A new bill proposes to delay the ELD Mandate in the U.S., how does it affect you?
It’s been just under two years since the “ELD mandate” was first announced by the U.S. Federal Motor Carrier Safety Administration (FMCSA). The mandate, which requires truckers to use electronic logging devices instead of traditional paper logbooks, has received mixed reactions from industry players. The goal of the mandate is to increase safety and reduce driver fatigue, by forcing drivers to strictly adhere to HOS regulations through the use of ELDs. Paper logbooks are easily manipulated and forged, while ELDs autonomously record data such as miles driven, driving time, engine hours and location information. Upon request from government officials, drivers will be forced to transfer over the data collected by ELDs through wireless web/email, USB2.0, and/or Bluetooth.
A bill introduced by Brian Babin into the House of Representatives is aiming to delay the ELD Mandate until 2019, and on July 17th it was voted 31-20 to be sent to the full House for consideration. Brian Babin (TX-36) and his supporters main argument for the delay is that small carriers will disproportionately bear new costs associated with ELD implementation. Compared to large fleets with thousands of trucks on the roads, these smaller fleets operate on extremely thin margins and any alteration in operating costs justifiably raises concerns. However, there have been some powerful arguments to move forward with the mandate and do away with a delay.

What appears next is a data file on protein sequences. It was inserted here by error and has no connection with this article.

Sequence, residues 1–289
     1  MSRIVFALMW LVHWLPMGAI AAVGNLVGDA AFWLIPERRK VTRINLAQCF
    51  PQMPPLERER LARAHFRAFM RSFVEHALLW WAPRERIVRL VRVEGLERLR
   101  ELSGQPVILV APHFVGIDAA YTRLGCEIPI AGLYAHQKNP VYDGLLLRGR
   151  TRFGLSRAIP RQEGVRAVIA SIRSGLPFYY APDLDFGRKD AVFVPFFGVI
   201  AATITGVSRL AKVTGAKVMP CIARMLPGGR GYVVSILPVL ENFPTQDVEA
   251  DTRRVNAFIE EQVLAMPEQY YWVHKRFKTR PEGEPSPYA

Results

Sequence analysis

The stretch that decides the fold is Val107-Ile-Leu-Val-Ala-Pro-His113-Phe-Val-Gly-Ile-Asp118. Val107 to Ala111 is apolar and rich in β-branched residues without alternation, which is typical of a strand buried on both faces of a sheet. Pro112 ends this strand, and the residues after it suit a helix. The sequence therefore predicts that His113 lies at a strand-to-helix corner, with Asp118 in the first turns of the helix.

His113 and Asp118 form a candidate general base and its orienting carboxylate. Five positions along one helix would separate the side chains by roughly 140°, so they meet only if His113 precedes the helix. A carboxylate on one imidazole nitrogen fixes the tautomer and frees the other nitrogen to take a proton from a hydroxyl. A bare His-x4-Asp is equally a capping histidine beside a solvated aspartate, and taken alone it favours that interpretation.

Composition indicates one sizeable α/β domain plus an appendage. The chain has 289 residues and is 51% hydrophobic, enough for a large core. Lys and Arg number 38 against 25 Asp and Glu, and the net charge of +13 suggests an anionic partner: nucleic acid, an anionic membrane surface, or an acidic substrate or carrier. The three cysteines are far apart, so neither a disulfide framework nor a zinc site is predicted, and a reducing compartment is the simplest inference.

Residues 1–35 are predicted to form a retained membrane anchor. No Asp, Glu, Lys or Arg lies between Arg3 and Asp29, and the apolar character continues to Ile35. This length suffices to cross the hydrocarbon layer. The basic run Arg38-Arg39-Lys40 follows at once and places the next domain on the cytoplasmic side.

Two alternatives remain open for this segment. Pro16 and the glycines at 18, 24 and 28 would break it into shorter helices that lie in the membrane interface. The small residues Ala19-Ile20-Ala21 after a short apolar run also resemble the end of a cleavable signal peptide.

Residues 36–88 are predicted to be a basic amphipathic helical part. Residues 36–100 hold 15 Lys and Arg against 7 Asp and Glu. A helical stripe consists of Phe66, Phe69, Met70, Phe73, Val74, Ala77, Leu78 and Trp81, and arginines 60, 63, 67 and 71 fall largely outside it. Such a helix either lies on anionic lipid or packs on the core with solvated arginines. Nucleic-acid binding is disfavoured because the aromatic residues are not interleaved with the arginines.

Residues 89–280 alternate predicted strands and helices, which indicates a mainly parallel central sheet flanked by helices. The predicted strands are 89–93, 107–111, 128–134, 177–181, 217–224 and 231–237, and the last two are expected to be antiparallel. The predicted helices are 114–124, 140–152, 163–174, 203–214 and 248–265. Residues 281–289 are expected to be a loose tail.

Organizations such as the American Trucking Association (ATA) are continuing to push the mandate forward to its prospective December 18th deadline. Citing the benefits from the Final Report by the FMCSA that there has been an 11.7% drop in crash rates and 50% drop in HOS violations for those who have implemented ELDs. They go even further by attacking those who wish to slow down and delay the mandate saying; “Supporters of a delay are attempting to accomplish, almost at the 11th hour, what they’ve been unable to do in the courts, Congress or with the agency: roll back this common sense, data-supported regulation based on at best specious and at worst outright dishonest arguments.”
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The timing of this bill should be of comfort to the ATA. With less than 5 months remaining until the mandate takes effect, the bill to delay seems to simply be a political move so that representatives can illustrate they were “against it all along”. There likely isn’t enough time for the bill to pass through all the legislative doors to make an impact. So, for now, it seems like the U.S. is going to be implementing the ELD mandate on schedule. Meaning that all carriers must have an ELD compliant device by December 18th, 2017.
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